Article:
We are 30 games into the regular season and the Canucks are sitting in second place in the hypercompetitive Pacific Division.
The good start was a nice surprise for Canucks fans as there was a lot of uncertainty in the off-season. After all, the Canucks had newcomers in all three of the big management positions: head coach, general manager, and team president.
General manager Jim Benning came to the club with the reputation of being a great scout and talent evaluator. He joined the team on May 21, 2014 and made a big mark on the team just a month later with a series of deals heading into the NHL entry draft.
Benning traded disgruntled forward Ryan Kesler to the Anaheim Ducks on June 27, along with 3rd round pick in 2015 for centre Nick Bonino, defenseman Luca Sbisa, and Anaheim’s 1st and 3rd round picks in the 2014 NHL Draft. The Canucks immediately traded the 3rd round pick from Anaheim to the New York Rangers for scrappy forward Derek Dorsett.
Just a few hours later, Benning traded defenseman Jason Garrison – along with the rights to Jeff Costello and a 7th round pick in 2015 – to Tampa Bay for the Lightning’s 50th pick in the 2014 draft. Benning then traded that 50th pick to the Los Angeles Kings the very next day for forward Linden Vey.
Thus, in 48 hours, Benning had acquired four immediate roster players (Bonino, Sbisa, Dorsett, and Vey) and an additional 1st round pick in exchange for two roster players (Kesler and Garrison), two 3rd round picks and Jeff Costello. Just as importantly, he freed up a lot of money that he was able to parlay into signing free agents Ryan Miller and Radim Vrbata (the buyout of David Booth’s contract helped with that as well).
Still with me?
After a torrid start, Nick Bonino has slowed down to the tune of just one goal in his last 16 games. Still, after 30 games, Bonino has a respectable 20 points (8 goals, 12 assists). All his damage has come at even-strength, as doesn’t have a power-play goal yet this season. However, he does sit tied for 6th in the entire league with 3 game-winning goals. I’ve been very impressed with his wrist shot and in particular his quick release.
By contrast, Ryan Kesler had a so-so start with the Ducks but has heated up recently with 6 points in his last 4 games. He now has 24 points (10 goals, 14 assists) in 31 games.
Those fans who proclaimed that Bonino was a better player than Kesler at the start of the season were a tad premature, likely blinded by their disdain for RK17. Comparisons notwithstanding, Canucks fans should be happy with what they got: a quality second-line centre at a very reasonable cap hit of $1.9 million.
And for those who still like to make the comparisons to Kesler, you’ll just have to live with the fact that Bonino will never be a shutdown centre or special teams specialist.
Derek Dorsett is the team’s unsung hero so far. He can skate, he can score, he can hit and he can fight. He reminds me a lot of Raffi Torres, except without the maniacal stare. Dorsett’s 10 points in 28 games puts him on pace to beat his previous season-high total of 20 points with the Blue Jackets in 2011-2012. He has combined with Jannik Hansen and rookie Bo Horvat to give the Canucks a reliable fourth line that can play effectively at both ends of the rink.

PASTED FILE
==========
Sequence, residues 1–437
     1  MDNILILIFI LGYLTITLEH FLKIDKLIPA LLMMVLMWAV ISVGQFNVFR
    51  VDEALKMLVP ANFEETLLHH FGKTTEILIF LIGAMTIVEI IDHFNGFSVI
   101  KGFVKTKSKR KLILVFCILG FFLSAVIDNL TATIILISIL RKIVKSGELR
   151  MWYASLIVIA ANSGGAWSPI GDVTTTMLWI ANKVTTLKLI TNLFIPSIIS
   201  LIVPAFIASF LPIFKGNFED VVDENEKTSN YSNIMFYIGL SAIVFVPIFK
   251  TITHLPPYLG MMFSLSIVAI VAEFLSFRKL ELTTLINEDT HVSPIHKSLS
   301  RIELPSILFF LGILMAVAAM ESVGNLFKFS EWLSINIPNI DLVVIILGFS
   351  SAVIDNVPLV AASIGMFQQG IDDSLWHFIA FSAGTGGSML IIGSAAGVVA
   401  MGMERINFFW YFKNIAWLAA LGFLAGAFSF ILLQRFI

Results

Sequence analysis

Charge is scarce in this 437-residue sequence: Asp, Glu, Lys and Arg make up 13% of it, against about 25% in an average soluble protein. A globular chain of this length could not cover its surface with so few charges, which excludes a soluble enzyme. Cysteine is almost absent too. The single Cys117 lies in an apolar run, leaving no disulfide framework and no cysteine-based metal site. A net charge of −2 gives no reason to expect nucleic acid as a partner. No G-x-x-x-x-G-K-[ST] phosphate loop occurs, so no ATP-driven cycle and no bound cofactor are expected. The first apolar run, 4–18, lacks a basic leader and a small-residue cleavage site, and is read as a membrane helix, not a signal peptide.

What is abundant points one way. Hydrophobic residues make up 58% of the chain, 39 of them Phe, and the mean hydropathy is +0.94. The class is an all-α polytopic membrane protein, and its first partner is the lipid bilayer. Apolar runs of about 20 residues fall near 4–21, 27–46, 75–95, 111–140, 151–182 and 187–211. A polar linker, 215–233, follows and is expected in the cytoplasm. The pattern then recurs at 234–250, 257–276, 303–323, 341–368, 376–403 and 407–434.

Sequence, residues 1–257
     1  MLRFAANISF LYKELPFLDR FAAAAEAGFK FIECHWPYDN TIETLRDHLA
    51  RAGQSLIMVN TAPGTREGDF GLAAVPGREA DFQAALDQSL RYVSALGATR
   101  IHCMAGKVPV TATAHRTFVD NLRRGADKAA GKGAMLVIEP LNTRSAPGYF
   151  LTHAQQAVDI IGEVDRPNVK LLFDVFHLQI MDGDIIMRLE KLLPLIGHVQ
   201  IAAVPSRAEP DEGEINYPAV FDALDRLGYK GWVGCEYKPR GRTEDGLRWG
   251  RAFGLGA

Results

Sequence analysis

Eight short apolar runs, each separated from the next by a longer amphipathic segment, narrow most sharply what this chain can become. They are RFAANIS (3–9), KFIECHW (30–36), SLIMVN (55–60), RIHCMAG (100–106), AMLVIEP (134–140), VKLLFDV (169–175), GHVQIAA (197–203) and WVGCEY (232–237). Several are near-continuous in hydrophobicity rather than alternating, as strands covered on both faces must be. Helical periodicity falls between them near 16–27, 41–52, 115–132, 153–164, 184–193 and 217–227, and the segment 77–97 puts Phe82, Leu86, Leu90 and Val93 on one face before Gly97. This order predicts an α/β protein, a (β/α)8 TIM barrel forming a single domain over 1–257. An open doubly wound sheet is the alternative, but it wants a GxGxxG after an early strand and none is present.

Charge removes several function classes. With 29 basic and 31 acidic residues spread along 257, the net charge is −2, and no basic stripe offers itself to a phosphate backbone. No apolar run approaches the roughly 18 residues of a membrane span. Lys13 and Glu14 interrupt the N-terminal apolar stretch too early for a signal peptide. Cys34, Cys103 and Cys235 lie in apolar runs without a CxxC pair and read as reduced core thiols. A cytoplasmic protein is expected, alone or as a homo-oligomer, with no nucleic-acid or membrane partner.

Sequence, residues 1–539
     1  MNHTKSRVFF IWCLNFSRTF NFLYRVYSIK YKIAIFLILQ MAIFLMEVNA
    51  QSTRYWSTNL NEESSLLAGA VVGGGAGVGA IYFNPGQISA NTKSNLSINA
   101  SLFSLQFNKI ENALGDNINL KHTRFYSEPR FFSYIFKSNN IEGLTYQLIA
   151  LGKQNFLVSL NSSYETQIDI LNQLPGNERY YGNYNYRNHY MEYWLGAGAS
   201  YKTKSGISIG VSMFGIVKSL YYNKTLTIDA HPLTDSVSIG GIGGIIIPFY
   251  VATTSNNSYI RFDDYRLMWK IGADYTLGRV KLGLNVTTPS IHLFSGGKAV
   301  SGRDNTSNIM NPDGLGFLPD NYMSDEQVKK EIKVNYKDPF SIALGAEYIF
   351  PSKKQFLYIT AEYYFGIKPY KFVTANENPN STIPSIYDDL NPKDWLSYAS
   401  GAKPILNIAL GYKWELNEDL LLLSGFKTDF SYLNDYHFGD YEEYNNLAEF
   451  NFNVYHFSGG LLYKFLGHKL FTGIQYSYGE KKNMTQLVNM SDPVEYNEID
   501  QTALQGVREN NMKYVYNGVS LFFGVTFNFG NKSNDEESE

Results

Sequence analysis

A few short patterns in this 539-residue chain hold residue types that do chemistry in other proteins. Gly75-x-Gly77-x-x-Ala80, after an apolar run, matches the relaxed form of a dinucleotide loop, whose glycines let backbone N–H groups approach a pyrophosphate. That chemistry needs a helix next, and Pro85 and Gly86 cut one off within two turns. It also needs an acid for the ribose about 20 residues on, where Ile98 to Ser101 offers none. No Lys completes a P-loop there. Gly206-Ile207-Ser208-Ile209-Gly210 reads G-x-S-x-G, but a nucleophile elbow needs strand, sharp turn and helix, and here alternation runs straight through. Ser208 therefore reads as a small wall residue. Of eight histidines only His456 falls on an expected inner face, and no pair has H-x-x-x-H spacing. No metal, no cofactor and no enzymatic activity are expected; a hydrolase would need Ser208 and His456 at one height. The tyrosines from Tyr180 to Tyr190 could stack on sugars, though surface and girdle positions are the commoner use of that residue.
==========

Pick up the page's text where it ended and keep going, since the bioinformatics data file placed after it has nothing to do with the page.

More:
If Dorsett is the unsung hero, then Luca Sbisa is Mr. Unpredictable. Along with defense partner Kevin Bieksa, Sbisa has had some strong games (especially with respect to corsi for) and some really brutal games. For the bad games, you don’t have to look at advanced stats…you just need to watch Sbisa on the ice. He’s often caught out of position or giving the puck away.
As for Linden Vey, he’s quietly amassed 13 points in 28 games. He’s most effective on the power play, especially in the slot (flanked by a Sedin and Vrbata). He will need to be more consistent and noticeable at even strength. His 4 power play goals have him sitting in a tie for 20th overall in the league, while his strong shooting percentage of 26% is good for 6th overall.
Loosely linked to Linden Vey is Jason Garrison. Garrison already has 15 points in 30 games, putting him on pace to better his career season-high total of 33 points achieved once each with the Panthers and Canucks. With the injury to Dan Hamhuis, Garrison would indeed look good in a Canuck uniform. The Canucks haven’t replaced his hard –yet erratic –shot from the blue line. Can you imagine Garrison slamming pucks on the Canucks’ new and improved power play?
The injury to Hamhuis exposes the Canucks’ lack of depth on the blue line. It’s forced Sbisa to play minutes that he might not be ready for.
It will be interesting to see if Benning pulls the trigger and makes a deal for another defenseman. Given his early track record, the trade would likely be a success.
Featured image: canucks.nhl.com